However, if you process a high monthly volume of sales, a monthly fee structure could end up saving you thousands of dollars in fees.
Flat-Rate Pricing Model
Small businesses will typically start off using a payment services provider (or “merchant aggregator”) like PayPal, Square, or Stripe. Rather than assign you your own personal merchant account, PSPs include all of their members under the merchant account of the aggregator.
Typically, it’s free to create an account with a PSP and there are no recurring monthly costs. The predictable pricing is an attractive option for many businesses, especially for low-volume merchants. However, you will pay the highest percentage of credit card processing fees in the payments industry whenever a customer makes a purchase.
Why Is the Flat-Rate Pricing Model So Expensive?
To understand why the processing fees are so high, it’s important to understand how credit card processing works.
The transaction process
When a customer makes a purchase, the acquiring bank (the bank that handles the merchant account) puts through a request to the card issuer (the customer’s bank) to authorise the transaction. This request between the two financial institutions will return a result of “approved” or “declined,” and the funds—if the transaction is successful—are transferred to the merchant service provider.
Bank and card network fees
To cover the costs of this network communication, the card-issuing bank charges a fee to the acquiring bank. This is called the “interchange fee”. The card network also charges a small fee for the use of their card. This is called the “assessment fee.” Rather than representing a fixed amount, these fees are calculated as a percentage of the sale and vary according to the nature of the transaction.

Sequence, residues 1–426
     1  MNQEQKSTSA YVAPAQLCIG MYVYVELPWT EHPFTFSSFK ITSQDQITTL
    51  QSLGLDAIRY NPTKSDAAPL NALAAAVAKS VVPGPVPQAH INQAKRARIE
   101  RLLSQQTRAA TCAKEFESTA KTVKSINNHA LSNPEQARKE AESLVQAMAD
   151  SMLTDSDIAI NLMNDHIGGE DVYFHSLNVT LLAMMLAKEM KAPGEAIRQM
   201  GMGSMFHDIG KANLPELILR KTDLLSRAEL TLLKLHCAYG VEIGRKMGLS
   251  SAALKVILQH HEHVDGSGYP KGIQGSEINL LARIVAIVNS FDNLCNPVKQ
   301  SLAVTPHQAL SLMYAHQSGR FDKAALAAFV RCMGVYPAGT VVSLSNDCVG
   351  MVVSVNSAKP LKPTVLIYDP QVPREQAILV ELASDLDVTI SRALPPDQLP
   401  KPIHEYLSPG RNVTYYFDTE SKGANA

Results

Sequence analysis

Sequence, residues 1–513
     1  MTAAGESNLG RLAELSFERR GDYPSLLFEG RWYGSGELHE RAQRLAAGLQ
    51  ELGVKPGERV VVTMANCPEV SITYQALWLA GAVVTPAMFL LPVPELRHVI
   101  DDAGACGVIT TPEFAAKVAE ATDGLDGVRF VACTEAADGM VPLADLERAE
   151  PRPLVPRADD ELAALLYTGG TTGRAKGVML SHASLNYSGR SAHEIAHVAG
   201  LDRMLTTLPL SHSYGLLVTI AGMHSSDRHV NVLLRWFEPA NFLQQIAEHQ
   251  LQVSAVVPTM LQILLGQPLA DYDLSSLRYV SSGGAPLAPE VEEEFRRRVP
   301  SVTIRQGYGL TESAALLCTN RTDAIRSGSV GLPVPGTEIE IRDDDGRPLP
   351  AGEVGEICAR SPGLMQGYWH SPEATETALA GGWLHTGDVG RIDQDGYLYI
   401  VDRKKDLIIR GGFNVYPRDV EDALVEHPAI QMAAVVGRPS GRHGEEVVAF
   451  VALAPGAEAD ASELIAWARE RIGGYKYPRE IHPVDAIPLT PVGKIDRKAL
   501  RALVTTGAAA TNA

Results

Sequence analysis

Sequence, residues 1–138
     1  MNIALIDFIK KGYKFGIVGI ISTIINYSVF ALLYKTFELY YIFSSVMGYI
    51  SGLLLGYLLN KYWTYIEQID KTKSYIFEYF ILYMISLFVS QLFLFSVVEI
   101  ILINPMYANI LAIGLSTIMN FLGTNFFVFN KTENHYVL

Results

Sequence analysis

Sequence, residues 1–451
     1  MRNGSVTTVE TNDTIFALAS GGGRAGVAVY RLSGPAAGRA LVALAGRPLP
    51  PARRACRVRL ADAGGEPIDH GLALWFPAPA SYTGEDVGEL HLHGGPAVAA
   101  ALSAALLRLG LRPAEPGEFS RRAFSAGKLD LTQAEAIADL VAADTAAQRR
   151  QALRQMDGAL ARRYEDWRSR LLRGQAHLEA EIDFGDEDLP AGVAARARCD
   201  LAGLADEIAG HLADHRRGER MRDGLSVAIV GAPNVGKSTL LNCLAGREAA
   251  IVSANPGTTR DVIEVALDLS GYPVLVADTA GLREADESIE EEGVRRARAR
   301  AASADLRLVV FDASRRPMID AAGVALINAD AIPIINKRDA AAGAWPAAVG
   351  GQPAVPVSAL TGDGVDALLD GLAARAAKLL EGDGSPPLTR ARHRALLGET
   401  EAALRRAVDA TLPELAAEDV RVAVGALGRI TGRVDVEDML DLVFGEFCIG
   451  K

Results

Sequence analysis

Markups and margins
In order to offer a flat-rate pricing model, payment service providers need to charge the highest possible interchange and assessment fees (plus a small markup) to cover all of the possible scenarios. In most cases, you will pay up to 3% of the transaction in fees plus a fixed amount.
Some PSPs provide a lower rate for in-person transactions vs. online transactions and domestic vs. international sales. This can be a hindrance for online businesses that handle mostly online payments and few (if any) in-person payments and also for those who handle a lot of international payments.
And if you do try to cancel before your contract ends, you may be subject to hefty cancellation fees. Always read the fine print before signing up.
Membership Pricing Model (or Subscription Pricing Model)
For businesses that process a high volume of credit and debit card transactions each month, membership merchant services options are much more economical than flat-rate, pay-as-you-go schemes.
Instead of taking a high percentage of each sale, membership merchant account providers charge a monthly service fee to cover their costs, plus a small percentage and fixed fee per transaction that is markedly lower than a PSP.
The Cost of a Monthly Plan
Merchant service providers (MSPs) understand that businesses come in all shapes and sizes, and most offer a variety of monthly plans.
In addition to the monthly fee, MSPs typically charge a small percentage of each transaction (between 0.1% and 0.15%) plus a small, fixed transaction fee. You will immediately notice that these competitive rates are much lower than the 3% you are likely to pay to cover the transaction costs of a PSP/merchant aggregator. The monthly fee also becomes very small—even insignificant—if you process high transaction volumes each month.
Regardless of which pricing structure you choose, watch out for hidden fees such as PCI compliance fees, batch fees, gateway fees, and statement fees. Any extra cost or additional charge (beyond the general charge per transaction and subscription fee) should be clearly disclosed by the company.
Receiving Your Funds
The next point to consider when weighing the different merchant services options is the time that it takes to receive your funds. When you’re just starting out, a few days without cash can literally be “make or break,” so it’s important to research the options beforehand.
Payment Service Providers
Most payment service providers process major credit cards and debit cards almost instantly, and the funds appear in your PSP account balance. From there, you can either spend the funds directly from your balance or withdraw them to your bank account—a process that can take up to a week for free or within minutes for an additional fee.
Merchant Account Providers